Yesterday at NRO's The Corner, Ramesh Ponnuru speculated on the fallout from Notre Dame honoring President Obama:
Many other commentators have pointed out that most Catholics approved of Notre Dame's invitation and, indeed, voted for Obama. This seems to me an awfully short-sighted view of the fallout. Notre Dame's invitation was valuable to Obama because of its status among American Catholics. Does anyone think that status is now higher than it was before the invitation? In helping Obama, Notre Dame diminished itself. And the same polls that showed that most Catholics approved of the invitation showed that a plurality of weekly churchgoers do not. Which group do we expect to have more influence over the future of Catholicism in America: self-described Catholics who attend Mass weekly or those who don't? I'm not saying that the traditionalists have the upper hand here, only that a quick look at the polls may not be a reliable guide to the long-run consequences of this episode.
Those who believe that this is just another controversy of the day that will soon blow over and become yesterday's news fail to appreciate the depth and breadth of the reaction that this event has generated among traditional Catholics.
In the June issue of FIRST THINGS, Joseph Bottum has a lengthy and insightful article on the matter. He notes that this is hardly the first battle between the Catholic Church and Catholic universities and it certainly won't be the last. He recounts the behavior of Notre Dame's president Fr. Jenkins in the controversy (which he describes as "execrable"), the political implications of story, and most interestingly, points out that Notre Dame's decision was as much (if not more) a rebuke to American Catholic culture as it was to the Church. Fortunately, his piece called "At The Gates Of Notre Dame" is already available for all at the FIRST THINGS web site:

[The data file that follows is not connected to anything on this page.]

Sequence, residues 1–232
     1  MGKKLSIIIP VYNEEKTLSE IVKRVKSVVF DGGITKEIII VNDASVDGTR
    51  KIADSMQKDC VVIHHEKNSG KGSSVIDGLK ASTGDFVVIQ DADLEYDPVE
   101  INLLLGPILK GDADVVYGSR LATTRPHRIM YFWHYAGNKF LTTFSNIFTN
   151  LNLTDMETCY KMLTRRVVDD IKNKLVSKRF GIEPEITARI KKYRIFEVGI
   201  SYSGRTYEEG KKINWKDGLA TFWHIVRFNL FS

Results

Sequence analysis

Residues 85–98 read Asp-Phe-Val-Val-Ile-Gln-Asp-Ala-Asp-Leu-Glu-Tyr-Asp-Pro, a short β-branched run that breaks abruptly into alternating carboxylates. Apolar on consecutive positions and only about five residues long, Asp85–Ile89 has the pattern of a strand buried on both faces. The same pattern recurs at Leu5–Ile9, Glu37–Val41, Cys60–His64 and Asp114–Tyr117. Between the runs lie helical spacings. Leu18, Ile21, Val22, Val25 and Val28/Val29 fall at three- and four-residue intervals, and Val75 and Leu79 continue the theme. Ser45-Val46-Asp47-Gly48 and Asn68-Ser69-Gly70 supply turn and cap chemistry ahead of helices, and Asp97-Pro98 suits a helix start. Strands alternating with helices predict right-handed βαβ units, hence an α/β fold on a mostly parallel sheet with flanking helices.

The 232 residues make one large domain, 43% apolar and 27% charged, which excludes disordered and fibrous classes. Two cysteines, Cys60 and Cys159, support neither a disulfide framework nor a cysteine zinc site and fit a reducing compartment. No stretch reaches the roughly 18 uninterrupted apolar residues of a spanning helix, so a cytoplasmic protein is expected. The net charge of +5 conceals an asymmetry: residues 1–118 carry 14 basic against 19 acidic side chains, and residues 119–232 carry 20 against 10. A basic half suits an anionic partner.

It is a horrifying fact, in many ways, that Roe v. Wade has done more to provide Catholic identity than any other event of the last fifty years. Still, for American Catholics, the Church is a refuge and bulwark against an ambient culture that erodes morality and undermines families. Catholic culture is their counterculture, their means of upholding the dignity of the human person and the integrity of family--and, in that context, the centrality of abortion for American Catholic culture seems much less arbitrary than it first appeared.
This is what the leaders of Notre Dame need to grasp, along with those at Georgetown, Xavier, Sacred Heart, and all the rest. They do not necessarily have bad theology--although the bishops have argued that they do--when they equate the life issues with other concerns. They do not have bad faith just because they see the war and capital punishment as matters of equal weight with the million babies killed every year in this country by abortion. But they lack the cultural marker that would make them distinctively Catholic in the minds of other Catholics. Abortion is not the only life issue, but it is the one that bears most directly on the lives of ordinary Catholics as they fight against the current to preserve family life. And until Catholic universities get this, they will not be Catholic--in a very real, existentially important sense.
This is why this incident will not be soon forgotten by traditional Catholics. As watered down and diluted as American Catholic culture has become over the years, it still has importance and meaning for millions who remain faithful to the Church's teachings. And--as Bottum notes--as they fight against the current to preserve family life, they will be looking for Catholic leaders and institutions to stand beside them in battle. Those that choose not to will likely forfeit their support and may no longer be considered part of their shared culture.